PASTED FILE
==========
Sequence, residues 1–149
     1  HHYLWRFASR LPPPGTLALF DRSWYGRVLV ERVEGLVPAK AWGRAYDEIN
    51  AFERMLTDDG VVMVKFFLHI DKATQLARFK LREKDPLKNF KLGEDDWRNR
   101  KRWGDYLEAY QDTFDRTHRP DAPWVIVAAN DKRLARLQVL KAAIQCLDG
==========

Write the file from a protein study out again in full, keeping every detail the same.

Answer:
Sequence, residues 1–149
     1  HHYLWRFASR LPPPGTLALF DRSWYGRVLV ERVEGLVPAK AWGRAYDEIN
    51  AFERMLTDDG VVMVKFFLHI DKATQLARFK LREKDPLKNF KLGEDDWRNR
   101  KRWGDYLEAY QDTFDRTHRP DAPWVIVAAN DKRLARLQVL KAAIQCLDG